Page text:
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Bone Marrow Treatments Helped Patients with MS

May 7, 2008

Patients who received bone marrow stem-cell transplants have reported remission of their disease, but Dr. Mark Freedman of the University of Ottawa is unable to explain why.

“Not a single patient, and it’s almost seven years, has ever had a relapse,” Freedman said.

Multiple sclerosis (MS) is a progressive inflammatory disorder that affects the central nervous system. An estimated 1 million people worldwide have been diagnosed with MS. No cure is known.

“The disease is almost always progressing, but one of our primary concerns is to identify those patients before they experience rapid progression,” Freedman said.

Freedman set up an experiment in which doctors destroyed the bone marrow and thus the immune systems of MS patients.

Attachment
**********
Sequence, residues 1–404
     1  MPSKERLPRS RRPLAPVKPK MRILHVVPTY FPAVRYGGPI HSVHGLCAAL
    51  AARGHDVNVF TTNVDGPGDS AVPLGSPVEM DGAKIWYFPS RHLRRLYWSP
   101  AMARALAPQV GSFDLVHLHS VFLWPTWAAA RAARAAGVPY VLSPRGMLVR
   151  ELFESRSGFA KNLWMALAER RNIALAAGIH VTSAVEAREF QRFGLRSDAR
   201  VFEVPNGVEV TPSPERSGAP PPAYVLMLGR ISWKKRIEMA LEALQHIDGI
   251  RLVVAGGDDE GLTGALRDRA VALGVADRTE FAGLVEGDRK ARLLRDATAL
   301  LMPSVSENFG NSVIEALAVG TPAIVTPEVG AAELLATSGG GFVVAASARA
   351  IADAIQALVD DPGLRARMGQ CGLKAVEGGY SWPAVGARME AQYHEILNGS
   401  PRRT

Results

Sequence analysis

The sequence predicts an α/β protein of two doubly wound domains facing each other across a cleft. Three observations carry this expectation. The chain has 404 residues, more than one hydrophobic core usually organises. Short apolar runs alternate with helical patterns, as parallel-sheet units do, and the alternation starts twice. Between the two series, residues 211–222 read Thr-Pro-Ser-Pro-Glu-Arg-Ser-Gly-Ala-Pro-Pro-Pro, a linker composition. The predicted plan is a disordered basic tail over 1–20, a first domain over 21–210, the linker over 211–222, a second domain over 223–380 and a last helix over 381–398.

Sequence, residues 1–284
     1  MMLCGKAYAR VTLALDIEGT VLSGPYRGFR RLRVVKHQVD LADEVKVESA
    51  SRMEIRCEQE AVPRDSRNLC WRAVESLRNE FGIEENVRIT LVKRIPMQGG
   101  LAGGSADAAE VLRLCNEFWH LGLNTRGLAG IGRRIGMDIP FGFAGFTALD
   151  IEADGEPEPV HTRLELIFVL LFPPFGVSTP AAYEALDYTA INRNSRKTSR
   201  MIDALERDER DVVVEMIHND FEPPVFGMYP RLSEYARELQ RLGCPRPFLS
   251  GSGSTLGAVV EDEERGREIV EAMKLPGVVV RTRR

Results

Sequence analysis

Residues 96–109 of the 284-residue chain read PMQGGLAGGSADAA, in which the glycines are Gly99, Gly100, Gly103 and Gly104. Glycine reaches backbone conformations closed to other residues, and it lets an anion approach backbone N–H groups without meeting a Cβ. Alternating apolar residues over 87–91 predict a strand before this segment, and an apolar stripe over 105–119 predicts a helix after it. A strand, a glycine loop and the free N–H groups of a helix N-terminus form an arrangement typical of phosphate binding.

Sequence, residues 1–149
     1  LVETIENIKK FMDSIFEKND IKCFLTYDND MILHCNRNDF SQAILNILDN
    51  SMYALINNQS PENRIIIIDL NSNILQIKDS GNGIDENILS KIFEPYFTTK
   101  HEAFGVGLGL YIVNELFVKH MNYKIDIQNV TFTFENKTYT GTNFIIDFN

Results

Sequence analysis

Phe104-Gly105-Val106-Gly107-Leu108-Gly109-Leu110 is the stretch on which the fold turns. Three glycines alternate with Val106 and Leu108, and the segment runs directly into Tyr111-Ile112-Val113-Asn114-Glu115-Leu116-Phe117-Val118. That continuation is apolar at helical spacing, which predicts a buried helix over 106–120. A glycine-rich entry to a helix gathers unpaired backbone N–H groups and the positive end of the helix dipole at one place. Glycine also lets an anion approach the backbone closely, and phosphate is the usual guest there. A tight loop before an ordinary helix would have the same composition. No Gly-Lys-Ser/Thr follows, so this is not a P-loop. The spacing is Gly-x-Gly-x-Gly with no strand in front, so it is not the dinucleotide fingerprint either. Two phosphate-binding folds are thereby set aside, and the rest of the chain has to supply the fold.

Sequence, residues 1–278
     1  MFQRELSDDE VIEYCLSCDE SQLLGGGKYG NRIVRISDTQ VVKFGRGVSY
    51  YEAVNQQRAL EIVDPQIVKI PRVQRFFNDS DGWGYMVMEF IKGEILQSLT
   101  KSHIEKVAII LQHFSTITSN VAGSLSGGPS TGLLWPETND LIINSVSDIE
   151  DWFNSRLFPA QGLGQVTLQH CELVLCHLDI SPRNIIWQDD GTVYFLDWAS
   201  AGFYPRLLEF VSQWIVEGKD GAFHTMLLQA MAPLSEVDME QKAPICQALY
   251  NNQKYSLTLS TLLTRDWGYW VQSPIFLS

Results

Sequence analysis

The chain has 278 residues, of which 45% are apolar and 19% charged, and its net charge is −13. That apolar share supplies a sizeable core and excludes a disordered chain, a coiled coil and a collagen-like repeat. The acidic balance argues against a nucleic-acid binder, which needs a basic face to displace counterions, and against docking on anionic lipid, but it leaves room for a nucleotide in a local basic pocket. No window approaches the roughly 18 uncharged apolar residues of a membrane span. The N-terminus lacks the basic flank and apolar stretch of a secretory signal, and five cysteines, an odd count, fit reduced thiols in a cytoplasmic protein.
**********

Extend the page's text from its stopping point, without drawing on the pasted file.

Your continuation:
Stem cells known as hematopoeitic stem cells, blood-forming cells taken from the bone marrow, were transplanted back into the patients in hopes of refreshing their immune systems.

“We weren’t looking for improvement,” Freedman said.

“The actual study was to reboot the immune system.”

“You’ve already missed the boat,” once a person is diagnosed with MS, he said.

“We figured we would reboot the immune system and watch the disease evolve. It failed.”

Improvements were noticeable two years after treatment.

“We have yet to get the disease to restart,” he said. Patients are not developing some of the characteristic brain lesions seen in MS. “But we are seeing this repair.”

Freedman said is team is still trying to determine what caused the repair, but he noticed one thing that may be useful for future research.

“Those with a lot of inflammation going on were the most likely to benefit (from the treatment),” he said.

“We need some degree of inflammation.” While inflammation may be the process that destroys myelin, it could be that the body needs some inflammation to make repairs.

The treatment was shown to carry some risk. One patient died during the process when the chemicals intended to destroy his bone marrow also damaged his liver.

On the Net:

University of Ottawa

National MS Society




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